Archive for December, 2009

Glenda Harty’s message on acceptance, with my thoughts appended

Glenda Harty is a dear friend, a marvelous teacher, and a powerful healer. She owns and operates the Sol Centre in Carmel, Indiana. If you require spiritual guidance or physical/mental/spiritual healing, please have a look at her website and see if she might be the right choice for you.

The other day, Glenda sent out by email a message that greatly resonated with me:

A Key to Peace is found in Acceptance

Accept who you are. Accept everything about who you are. Accept those things that you love about yourself and honor them. Accept those things you dislike about yourself and honor yourself for your honesty.

Accept who you perceive others to be. Accept everything about them. Accepting another simply means you recognize that they are who they are and you have no power to change them.  Release all attachment to another taking your advice or changing their behavior.  As long as you struggle to change someone else, you will not know peace.  Recognize if you are choosing not to know peace by your insistence on trying to change another and honor yourself for your honesty.

Accept all as it is–then ask your Self this question:

Is there a way I can change myself or my behavior to bring more peace and light to my world?

If yes, accept the truth of what you must do to accomplish this change. Do you choose to take the necessary action?  Whether or not you choose to take the necessary action at this time, accept your decision with clarity, responsibility, and love for yourself.

If no, accept and honor the opportunity to discover and explore any lessons brought forth in learning to accept all as it is.

Glenda did not come up with the idea of complete acceptance, but she has expressed it better than I have seen anywhere else, and that’s quite an accomplishment.

Toward the beginning of 2009, I had what I called my “Acceptance Revolution.” In 2008 I went through one of the most difficult things I have yet experienced in my life: finding the person of my dreams and having her leave. I tried my best to “get over” this relationship, but I found myself unable to do so. Thoughts and feelings are different than behaviors: we can push them outside of consciousness a bit, but they never go very far and often return without an invitation. In my little revolution, I found it easier just to accept that I had no real control over my thoughts and feelings about her. If I still loved her, I still loved her. I accepted it. I also made the effort to accept everything about myself and my life. Doing so made life much easier.

In trying to accept everything about everyone, we run into a core conflict of human existence: we are social animals, and, except for the rare hermit living completely without assistance from others, our existence and happiness is dependent on our cooperating with others.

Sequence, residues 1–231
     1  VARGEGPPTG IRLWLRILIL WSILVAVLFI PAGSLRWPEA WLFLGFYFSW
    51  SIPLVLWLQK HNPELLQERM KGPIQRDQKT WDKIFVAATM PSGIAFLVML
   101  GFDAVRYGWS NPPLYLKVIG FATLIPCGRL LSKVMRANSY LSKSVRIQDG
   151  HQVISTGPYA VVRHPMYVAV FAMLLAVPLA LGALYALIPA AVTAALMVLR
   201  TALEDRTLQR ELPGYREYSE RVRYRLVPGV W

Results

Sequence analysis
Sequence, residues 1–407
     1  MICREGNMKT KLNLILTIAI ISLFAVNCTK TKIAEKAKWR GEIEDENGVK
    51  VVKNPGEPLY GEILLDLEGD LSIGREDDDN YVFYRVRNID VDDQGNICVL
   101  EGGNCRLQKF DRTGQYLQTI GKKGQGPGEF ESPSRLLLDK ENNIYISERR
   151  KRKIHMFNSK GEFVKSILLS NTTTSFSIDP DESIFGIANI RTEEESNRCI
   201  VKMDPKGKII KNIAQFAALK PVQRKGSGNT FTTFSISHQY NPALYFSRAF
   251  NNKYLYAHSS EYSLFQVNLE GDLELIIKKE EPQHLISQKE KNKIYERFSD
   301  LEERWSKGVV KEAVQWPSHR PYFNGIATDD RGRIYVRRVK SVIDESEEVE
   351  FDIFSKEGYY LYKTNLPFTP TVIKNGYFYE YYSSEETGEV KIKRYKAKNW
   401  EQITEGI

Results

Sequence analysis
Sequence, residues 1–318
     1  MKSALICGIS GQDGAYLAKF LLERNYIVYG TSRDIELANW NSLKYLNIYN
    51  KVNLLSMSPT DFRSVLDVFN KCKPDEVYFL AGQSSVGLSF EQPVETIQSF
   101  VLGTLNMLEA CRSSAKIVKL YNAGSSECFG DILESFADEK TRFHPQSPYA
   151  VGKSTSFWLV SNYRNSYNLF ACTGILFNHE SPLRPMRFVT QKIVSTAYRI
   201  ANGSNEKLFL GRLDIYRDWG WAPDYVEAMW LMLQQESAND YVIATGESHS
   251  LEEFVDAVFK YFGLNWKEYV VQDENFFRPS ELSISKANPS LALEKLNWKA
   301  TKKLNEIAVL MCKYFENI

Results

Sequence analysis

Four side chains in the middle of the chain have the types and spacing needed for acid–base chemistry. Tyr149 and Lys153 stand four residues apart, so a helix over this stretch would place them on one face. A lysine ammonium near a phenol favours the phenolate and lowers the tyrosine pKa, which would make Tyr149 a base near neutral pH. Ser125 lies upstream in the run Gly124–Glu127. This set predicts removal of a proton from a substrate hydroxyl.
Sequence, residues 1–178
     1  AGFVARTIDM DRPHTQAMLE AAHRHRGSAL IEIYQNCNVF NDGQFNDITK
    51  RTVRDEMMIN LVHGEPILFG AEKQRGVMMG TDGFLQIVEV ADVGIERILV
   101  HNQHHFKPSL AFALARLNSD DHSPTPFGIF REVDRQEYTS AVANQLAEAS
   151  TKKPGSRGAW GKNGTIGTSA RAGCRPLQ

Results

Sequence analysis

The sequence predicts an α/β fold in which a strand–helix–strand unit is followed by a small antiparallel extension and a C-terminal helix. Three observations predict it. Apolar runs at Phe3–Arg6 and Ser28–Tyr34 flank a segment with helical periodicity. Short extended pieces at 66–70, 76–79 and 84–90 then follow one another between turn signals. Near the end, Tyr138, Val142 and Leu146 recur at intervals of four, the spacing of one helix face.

It’s also a fact of life that we must act upon others. Bosses motivate. Salespersons sell. Parents reward and punish. We negotiate and argue with each other. We are constantly trying to Win Friends and Influence People.

How do we square the necessity of accepting others with the necessity of acting upon others?

First, I don’t think that we can completely square the two. I believe that the evolution of the individual and the evolution of the human species requires different, more advanced behavior than that in which we have heretofore engaged. We need to accept more and influence less.

Adjusting the ratio of acceptance to influence, however, does not obviate the need to influence others. What we need to do is make our influencing based as much as possible on love, compassion, and acceptance of people for who they are.

In the above-mentioned book, How to Win Friends and Influence People, Dale Carnegie suggests that one effective way to “win other people to your way of thinking” is to “let the other person feel the idea is his/hers.”

This may be psychologically effective, but the question remains whether that “idea” is beneficial to the person and in concordance with his or her being. If we are loving, compassionate, and accepting, we will not try to “win over” a person. Instead, we will offer something of true value and see if he or she accepts what we have to offer. This is the type of influence that is fair and untainted.

I will be painting too simplistic a picture if I say that this is the only type of influence in which we can ever engage. Life is messy and dangerous, people don’t always desire the right things, and people’s needs conflict. For example, if we know that someone is going to commit suicide, we don’t just let them do it. If we see that someone is about to hurt someone else, we try to prevent it.

It is working through the tough cases in life that allows us to grow spiritually. As Jesus said in Luke 6: 32-33,

If you love those who love you, what credit is that to you? Even ‘sinners’ love those who love them. And if you do good to those who are good to you, what credit is that to you? Even ‘sinners’ do that.

Likewise, it is easy to be loving, compassionate, and accepting to people who are like us and have similar needs. It is difficult to be loving, compassionate, and accepting to people who are different from us and have different needs. It is especially difficult to do right by people who seem not to value love, compassion, and acceptance! Yet it is how we behave in such cases that is a big part of our advancing spiritually.

There is no neat formula for how to be loving, compassionate, and accepting in life. And that’s just another fact that we need to accept.

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